Norwich Castle Museum praised for inspiring young people
The way history is brought to life for young visitors to Norwich Castle has scooped the museum a prestigious award.
The museum has been handed a Sandford Award for Heritage Education by judges who praised it as an inspiring place for children to learn, with excellent education work.
The Sandford Award, which began in 1978 and is made annually, is an independently judged, quality assured assessment of education programmes at heritage sites, museums, archives and collections across the British Isles.
Judges carried out on-site inspections and assessed the museum's learning programmes against a number of criteria.
Two learning programmes 'Storming the Castle' and a specially designed Olympic session 'Gold, Silver and Bronze' were assessed.
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'Storming the Castle', aimed at children in Key Stage 3 focuses on maths, with youngsters asked to imagine the castle is under siege and then answer a range of questions such as how long water supplies would last, how many arrows would be needed to defend it and which weapons would be most effective.
The 'Gold, Silver and Bronze' session is run by an ex-gold prospector and covers elements of the English, history and geology curricula.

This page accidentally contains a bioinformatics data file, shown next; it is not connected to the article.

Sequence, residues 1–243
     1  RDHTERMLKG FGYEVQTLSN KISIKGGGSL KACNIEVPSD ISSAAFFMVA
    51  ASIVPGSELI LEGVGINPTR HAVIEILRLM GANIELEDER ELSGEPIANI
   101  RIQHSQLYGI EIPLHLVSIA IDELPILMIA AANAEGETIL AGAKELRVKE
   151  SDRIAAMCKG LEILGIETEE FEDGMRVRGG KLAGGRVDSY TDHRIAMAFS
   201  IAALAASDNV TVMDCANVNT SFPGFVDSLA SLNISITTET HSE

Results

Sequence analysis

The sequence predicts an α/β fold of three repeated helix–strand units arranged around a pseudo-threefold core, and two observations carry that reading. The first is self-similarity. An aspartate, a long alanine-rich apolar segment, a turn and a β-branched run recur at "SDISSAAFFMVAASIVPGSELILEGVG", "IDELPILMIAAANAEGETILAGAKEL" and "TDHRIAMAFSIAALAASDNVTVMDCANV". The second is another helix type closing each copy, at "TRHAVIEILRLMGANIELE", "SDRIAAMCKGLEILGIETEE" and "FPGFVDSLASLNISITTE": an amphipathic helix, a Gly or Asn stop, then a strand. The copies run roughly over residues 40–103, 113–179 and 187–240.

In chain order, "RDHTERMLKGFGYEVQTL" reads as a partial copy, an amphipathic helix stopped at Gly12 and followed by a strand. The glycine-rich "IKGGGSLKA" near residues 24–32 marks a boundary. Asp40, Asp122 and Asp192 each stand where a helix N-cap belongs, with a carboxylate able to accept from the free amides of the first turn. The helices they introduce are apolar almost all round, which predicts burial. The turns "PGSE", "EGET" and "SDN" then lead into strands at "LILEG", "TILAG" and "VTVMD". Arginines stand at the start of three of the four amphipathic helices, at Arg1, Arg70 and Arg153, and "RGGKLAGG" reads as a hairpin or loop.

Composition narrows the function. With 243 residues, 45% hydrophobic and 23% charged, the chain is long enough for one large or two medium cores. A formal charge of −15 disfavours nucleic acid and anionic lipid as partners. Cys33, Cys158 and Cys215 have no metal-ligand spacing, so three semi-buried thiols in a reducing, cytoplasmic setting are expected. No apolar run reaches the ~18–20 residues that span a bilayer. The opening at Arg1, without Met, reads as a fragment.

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Children think about why certain metals are valued and why gold is the most sought after. with the museum's Iceni jewellery forming a focus for learning.
The Gressenhall Farm and Workhouse, near Dereham, also earned a Sandford Award.
Barry Stone, Norfolk County Council's cabinet member for cultural services, said: 'The announcement of these awards is fantastic news and are a testament to the hard work and enthusiasm of staff at the museums.
'The sites provide a wonderful service to children and adults alike and we hope that this positive news will encourage more people to visit.'
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